Offerings to Wrathful Deities
late 16th–17th century
Distemper and ink on cloth
66 15/16 x 43 11/16 in. (170 x 111 cm)
Gift of Frances Gould-Naftal and Marvin Naftal, 1983
Not on view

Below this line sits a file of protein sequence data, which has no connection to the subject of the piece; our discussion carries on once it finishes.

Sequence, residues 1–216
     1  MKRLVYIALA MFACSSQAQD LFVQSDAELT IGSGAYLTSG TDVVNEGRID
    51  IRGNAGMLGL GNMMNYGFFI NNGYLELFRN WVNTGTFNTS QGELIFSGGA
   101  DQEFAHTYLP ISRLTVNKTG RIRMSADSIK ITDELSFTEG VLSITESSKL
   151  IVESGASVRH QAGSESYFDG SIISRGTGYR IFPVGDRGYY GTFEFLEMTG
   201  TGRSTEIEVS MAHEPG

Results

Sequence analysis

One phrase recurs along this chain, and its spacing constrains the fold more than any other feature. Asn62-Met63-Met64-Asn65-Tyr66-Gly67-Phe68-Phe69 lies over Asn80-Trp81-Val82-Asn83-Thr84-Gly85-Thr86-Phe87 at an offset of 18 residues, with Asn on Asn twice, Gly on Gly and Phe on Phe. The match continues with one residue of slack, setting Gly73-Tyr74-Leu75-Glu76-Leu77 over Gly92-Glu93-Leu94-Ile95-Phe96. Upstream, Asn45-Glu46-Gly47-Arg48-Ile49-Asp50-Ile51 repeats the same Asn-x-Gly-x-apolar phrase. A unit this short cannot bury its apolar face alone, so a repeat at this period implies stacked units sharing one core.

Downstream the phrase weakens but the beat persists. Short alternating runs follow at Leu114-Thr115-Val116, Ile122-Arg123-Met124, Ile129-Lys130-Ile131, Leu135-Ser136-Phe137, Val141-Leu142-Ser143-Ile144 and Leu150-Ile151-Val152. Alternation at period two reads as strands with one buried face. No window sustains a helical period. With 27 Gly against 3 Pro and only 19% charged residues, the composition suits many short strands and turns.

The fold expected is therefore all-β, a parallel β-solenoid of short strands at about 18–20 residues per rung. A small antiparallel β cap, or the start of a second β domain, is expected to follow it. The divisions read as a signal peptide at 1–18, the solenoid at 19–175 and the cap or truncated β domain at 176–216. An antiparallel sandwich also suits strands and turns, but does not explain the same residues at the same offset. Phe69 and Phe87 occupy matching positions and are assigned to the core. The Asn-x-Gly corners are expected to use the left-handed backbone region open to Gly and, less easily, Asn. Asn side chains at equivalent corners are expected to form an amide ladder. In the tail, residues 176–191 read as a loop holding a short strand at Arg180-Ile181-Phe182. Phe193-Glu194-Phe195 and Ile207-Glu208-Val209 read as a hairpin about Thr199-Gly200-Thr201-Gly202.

This black-ground (Tibetan: nag thang) painting was installed in the chapel (gonkhang) dedicated to the wrathful protective deities (dharmapalas), a room reserved for tantric initiation rites within a Tibetan monastery. The exceptional scale and complexity of the composition relate the painting to the offering-scene murals known as “sets of ornaments” (Tibetan: rgyan tshogs) that adorn the interiors of shrines dedicated to the dharmapalas. Two wrathful tantric deities are represented with flames emanating from their beings, standing on a male corpse atop a lotus pedestal. They are draped in flayed skins and garlands of severed human heads. Offerings of flayed skins, ritual utensils and objects, and a vast assortment of weapons fill the interior. Framing the scene above is a curtain of flayed human skins and organ entrails.
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